The first idea is that of ‘winnowing’ or sifting, from the ur-Bantu stem -ĸuŋga, meaning ‘sift’. And the second centres on what I would argue is the nominalised form of the first stem, -ĸuŋgu – which means ‘bitterness’ or ‘poison’.
Colloquial usage tells any speaker of isiZulu that when you say ‘kubuhlungu’, you mean ‘it’s sore’. It’s an essential phrase for any child growing up in a bilingual family. But what are you actually saying? ‘it is bitter, as though I have been struck by a poison arrow’.
So how does ‘bitterness / poison’ relate to ‘sifting’ things?
Perhaps the idea lies in the fact that some processing needs to occur before the poison can be useful – some sort of sifting in the form of concoction or distillation, to separate the good from the bad, the poisonous from the curative. It could equally lie in the fact that knowing poison from good herbs (and foodstuffs) could be difficult – especially when gathering from wild places, as is done when gathering umfino (‘wild spinach’) – and thus involved ‘sifting out’ the dangerous herbs from those that were edible.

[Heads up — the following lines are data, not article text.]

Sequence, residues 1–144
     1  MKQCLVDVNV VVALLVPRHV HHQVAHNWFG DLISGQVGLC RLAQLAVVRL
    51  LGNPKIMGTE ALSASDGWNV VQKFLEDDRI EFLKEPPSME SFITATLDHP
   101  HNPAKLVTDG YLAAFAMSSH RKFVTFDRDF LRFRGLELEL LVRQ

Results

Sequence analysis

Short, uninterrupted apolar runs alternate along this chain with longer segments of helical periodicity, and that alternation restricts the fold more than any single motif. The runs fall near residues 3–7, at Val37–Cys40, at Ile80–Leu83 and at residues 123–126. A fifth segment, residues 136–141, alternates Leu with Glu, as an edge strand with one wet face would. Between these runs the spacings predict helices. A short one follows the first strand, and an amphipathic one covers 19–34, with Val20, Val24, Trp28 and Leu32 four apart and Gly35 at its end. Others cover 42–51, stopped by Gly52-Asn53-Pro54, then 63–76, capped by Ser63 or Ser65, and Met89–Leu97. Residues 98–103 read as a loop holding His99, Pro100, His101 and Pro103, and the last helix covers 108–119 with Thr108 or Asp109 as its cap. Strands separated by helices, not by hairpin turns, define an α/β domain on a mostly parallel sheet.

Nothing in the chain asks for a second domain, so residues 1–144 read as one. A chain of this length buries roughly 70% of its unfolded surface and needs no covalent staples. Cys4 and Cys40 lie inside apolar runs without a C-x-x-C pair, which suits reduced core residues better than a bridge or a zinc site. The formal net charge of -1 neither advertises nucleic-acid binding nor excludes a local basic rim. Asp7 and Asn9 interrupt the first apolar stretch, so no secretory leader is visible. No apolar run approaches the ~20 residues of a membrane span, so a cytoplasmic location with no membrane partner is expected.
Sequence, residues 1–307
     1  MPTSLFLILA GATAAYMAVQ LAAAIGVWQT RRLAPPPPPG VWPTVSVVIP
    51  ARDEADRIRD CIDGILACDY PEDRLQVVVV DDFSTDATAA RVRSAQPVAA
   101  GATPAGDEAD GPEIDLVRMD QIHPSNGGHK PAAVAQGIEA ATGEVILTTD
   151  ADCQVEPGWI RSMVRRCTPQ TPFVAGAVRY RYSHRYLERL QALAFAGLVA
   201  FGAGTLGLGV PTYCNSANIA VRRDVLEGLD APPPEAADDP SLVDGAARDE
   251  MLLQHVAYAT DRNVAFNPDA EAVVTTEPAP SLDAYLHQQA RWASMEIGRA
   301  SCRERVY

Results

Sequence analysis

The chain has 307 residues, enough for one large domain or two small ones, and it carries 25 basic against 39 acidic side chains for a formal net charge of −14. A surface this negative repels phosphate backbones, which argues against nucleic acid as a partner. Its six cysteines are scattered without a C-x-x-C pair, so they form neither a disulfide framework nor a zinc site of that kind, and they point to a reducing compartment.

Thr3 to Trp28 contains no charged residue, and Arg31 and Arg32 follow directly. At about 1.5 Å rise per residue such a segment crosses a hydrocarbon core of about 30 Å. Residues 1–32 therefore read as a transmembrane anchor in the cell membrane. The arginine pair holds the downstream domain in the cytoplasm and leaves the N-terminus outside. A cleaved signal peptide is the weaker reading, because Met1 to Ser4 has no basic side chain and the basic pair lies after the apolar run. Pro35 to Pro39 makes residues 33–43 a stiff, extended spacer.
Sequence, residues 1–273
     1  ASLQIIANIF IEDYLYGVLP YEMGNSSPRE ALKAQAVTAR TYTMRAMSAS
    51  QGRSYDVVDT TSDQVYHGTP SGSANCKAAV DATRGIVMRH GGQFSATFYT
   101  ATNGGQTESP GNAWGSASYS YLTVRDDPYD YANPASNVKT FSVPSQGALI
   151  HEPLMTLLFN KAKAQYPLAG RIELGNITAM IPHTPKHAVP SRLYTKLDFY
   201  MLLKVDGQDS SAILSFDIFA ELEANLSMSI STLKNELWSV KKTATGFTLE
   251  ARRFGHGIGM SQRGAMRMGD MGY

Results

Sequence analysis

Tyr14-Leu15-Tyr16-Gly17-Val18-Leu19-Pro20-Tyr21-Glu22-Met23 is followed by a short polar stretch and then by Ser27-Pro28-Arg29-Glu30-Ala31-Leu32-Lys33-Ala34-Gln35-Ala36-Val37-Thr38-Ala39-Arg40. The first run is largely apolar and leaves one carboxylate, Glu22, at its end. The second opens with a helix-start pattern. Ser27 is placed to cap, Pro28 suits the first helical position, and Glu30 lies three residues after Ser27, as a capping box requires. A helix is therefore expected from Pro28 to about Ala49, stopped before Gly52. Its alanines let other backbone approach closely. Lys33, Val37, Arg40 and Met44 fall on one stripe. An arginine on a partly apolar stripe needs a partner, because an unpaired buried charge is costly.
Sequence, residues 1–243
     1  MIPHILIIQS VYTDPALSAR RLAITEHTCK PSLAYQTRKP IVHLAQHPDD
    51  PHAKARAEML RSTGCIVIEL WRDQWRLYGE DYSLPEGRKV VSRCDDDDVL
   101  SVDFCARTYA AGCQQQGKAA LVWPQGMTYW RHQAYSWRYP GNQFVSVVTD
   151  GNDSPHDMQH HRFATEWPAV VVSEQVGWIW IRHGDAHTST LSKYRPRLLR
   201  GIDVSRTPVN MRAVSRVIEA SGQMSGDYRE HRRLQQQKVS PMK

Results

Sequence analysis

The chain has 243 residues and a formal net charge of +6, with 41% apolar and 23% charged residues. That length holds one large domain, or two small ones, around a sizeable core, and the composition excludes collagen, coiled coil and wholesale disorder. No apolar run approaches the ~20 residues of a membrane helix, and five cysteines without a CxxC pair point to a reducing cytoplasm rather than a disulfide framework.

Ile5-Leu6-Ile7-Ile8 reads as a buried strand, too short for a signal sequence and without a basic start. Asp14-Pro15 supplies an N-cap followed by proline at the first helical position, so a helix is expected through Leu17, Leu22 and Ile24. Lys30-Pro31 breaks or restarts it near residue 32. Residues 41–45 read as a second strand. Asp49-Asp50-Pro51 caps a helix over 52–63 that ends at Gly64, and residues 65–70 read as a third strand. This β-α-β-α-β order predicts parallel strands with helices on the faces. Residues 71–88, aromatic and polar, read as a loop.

Because there are many botanical, organic or chemical things that derive from this one stem – of the 25 associated words or stems, 16 are words relating to medicine, botany or chemistry. And these are words that are derived from either stem.
In terms of medical application, the terms derived from both stems focus on two aspects – poison (and poisonous concoctions, venom, shrubs etc.) and antidote for those poisons. Much like the Greek term pharmaka (poison/antidote).
But there is still the matter of bitterness, and of pain. That they are like poison to the body, needing to be balanced by other things.